On the federal level, the Fair Labor Standards Act (“FLSA”) and its regulations establish rules for the employment of minors under the age of eighteen. Among other things, the federal child-labor rules restrict the hours of employment for youths and prohibit the employment of minors in certain occupations and workplaces deemed hazardous for youths. The rules vary depending upon the age of the young worker. The U.S. Department of Labor (“DOL”) is authorized to assess civil penalties against employers that violate the federal restrictions on the employment of minors.
On May 21, 2008, President George W. Bush signed into law the Genetic Information Nondiscrimination Act (“GINA”), which, in addition to prohibiting discrimination based on genetic information, amended the FLSA to increase the civil penalties for child-labor violations. Before GINA’s enactment, the maximum civil penalty for a single child-labor violation was $11,000. Now, under GINA, the DOL may assess a penalty of up to $50,000 (and up to $100,000 for a willful or repeat violation) when a violation results in the death or serious injury of an employee under the age of eighteen. These enhanced civil penalties took effect on May 21, 2008, but until recently, there was no official guidance on how the DOL would apply the heightened sanctions in particular situations.
On January 20, 2010, the DOL’s Wage and Hour Division issued a Field Assistance Bulletin (the “Bulletin”) providing guidelines for use by enforcement personnel in determining appropriate civil money penalties against employers that violate the FLSA’s child-labor provisions. As discussed in the Bulletin, the DOL has created a Child Labor Enhanced Penalty Program (“CLEPP”) to incorporate GINA’s stiffer penalties for violations resulting in the serious injury or death of an employee under the age of eighteen. A “CLEPP serious injury” is defined as one caused by a child-labor violation resulting in a permanent loss or substantial impairment of one of the senses, of mental functions, or of the function or movement of a body part. The Bulletin identifies the factors that DOL personnel should consider in determining whether an impairment is substantial and therefore triggers GINA’s enhanced penalties.
Even if a worker under the age of eighteen does suffer a permanent loss or substantial impairment of a mental or physical function, a body part, or one of the senses, the enhanced penalties will apply only if a child-labor violation directly caused the injury. The Bulletin indicates that when the injury occurs in a workplace that has been classified as inherently hazardous for minors, such as a manufacturing plant, a saw mill, or a coal mine, a causal relationship between the unlawful employment of the minor in the hazardous workplace and the minor’s injury will routinely be found. In the case of other child-labor violations, such as working-hours violations or employment in a hazardous occupation, DOL investigators must determine under the particular facts whether the violation caused the minor’s injury, and the Bulletin provides guidance on finding such causation.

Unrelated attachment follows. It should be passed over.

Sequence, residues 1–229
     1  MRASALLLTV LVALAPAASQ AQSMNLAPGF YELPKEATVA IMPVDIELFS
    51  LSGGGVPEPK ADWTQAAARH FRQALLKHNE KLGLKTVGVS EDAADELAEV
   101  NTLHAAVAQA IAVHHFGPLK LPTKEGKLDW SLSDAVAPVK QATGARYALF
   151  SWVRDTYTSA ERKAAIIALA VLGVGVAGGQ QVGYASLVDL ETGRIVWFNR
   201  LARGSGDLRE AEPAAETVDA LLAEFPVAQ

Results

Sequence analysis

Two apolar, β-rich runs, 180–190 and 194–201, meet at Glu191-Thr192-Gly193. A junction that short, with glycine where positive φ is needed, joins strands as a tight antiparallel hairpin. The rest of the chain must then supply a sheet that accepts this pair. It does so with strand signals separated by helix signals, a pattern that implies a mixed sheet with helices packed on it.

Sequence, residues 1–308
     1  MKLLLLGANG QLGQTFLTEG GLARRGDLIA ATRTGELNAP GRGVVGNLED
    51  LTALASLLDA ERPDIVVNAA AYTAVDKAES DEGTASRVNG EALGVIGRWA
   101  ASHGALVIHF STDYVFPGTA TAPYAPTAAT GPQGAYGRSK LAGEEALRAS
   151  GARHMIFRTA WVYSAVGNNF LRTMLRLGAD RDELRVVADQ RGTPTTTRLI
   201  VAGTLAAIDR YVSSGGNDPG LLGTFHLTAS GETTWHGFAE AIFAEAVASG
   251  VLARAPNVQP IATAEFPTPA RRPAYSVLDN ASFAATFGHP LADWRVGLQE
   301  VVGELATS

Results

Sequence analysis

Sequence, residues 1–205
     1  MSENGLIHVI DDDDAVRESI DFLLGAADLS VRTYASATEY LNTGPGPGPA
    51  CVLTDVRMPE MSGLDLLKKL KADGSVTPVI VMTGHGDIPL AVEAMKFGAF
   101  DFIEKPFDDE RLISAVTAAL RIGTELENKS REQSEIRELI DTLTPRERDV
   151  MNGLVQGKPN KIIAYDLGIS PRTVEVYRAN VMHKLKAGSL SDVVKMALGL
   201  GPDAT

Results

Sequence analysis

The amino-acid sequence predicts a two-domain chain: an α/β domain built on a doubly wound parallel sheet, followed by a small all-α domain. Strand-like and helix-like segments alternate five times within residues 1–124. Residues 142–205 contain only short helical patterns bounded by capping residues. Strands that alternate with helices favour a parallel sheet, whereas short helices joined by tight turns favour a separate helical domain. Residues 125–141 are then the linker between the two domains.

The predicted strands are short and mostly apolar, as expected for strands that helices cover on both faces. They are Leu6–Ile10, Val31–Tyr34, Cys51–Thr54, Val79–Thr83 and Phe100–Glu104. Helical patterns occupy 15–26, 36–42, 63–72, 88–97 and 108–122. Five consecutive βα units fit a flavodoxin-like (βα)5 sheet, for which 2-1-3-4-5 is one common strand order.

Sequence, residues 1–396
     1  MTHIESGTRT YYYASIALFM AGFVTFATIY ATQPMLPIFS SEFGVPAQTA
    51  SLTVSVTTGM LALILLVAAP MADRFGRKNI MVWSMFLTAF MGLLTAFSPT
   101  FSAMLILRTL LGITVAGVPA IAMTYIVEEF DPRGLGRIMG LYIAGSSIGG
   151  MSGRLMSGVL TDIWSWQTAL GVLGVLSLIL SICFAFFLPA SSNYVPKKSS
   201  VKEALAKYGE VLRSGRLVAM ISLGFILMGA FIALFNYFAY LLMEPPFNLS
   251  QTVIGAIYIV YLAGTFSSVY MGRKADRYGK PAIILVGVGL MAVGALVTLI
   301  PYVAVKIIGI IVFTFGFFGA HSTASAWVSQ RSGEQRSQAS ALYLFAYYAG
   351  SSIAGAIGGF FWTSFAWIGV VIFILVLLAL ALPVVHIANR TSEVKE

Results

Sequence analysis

The Bulletin also establishes guidelines for determining how much of the maximum enhanced penalties should be assessed in particular situations. For example, a child-labor violation causing the death of a minor will ordinarily result in the maximum penalty of $50,000 (doubled to $100,000 in the case of a willful or repeat violation). For child-labor violations causing the serious injury of a minor, the DOL will ordinarily assess a civil penalty of $15,000 to $40,000, depending on the degree of impairment attributable to the injury. Like the penalty assessed for the death of a minor, these penalty amounts can be doubled in the case of a willful or repeat child-labor violation. For injuries that are not deemed serious, the maximum civil penalty is $11,000.
The enhanced civil penalties for child-labor violations created by GINA dramatically raise the stakes for employers that employ workers under the age of eighteen. In the DOL’s first use of the stiffer penalty provisions authorized by GINA, the agency assessed a civil penalty of $53,162 against an employer following an investigation into a teenage worker’s death at a mall demolition project. The maximum $50,000 civil penalty was imposed against the employer for the death of the young worker, and a $3,162 civil penalty was imposed for the company’s failure to keep accurate records and for allowing the young worker to work in an occupation designated as hazardous for minors by the DOL.
This example should put employers on notice that hiring workers under eighteen may now carry significant monetary risk if employers fail to comply scrupulously with the federal child-labor rules. (Employers should also be aware that most states also regulate the employment of workers under the age of eighteen, and state child-labor laws are often more restrictive than the federal rules. The enhanced penalties for child-labor violations created by GINA apply only to violations of federal law, however.) Before hiring a worker under the age of eighteen, employers should become thoroughly familiar with the applicable child-labor rules and should take steps to ensure that those rules are strictly followed.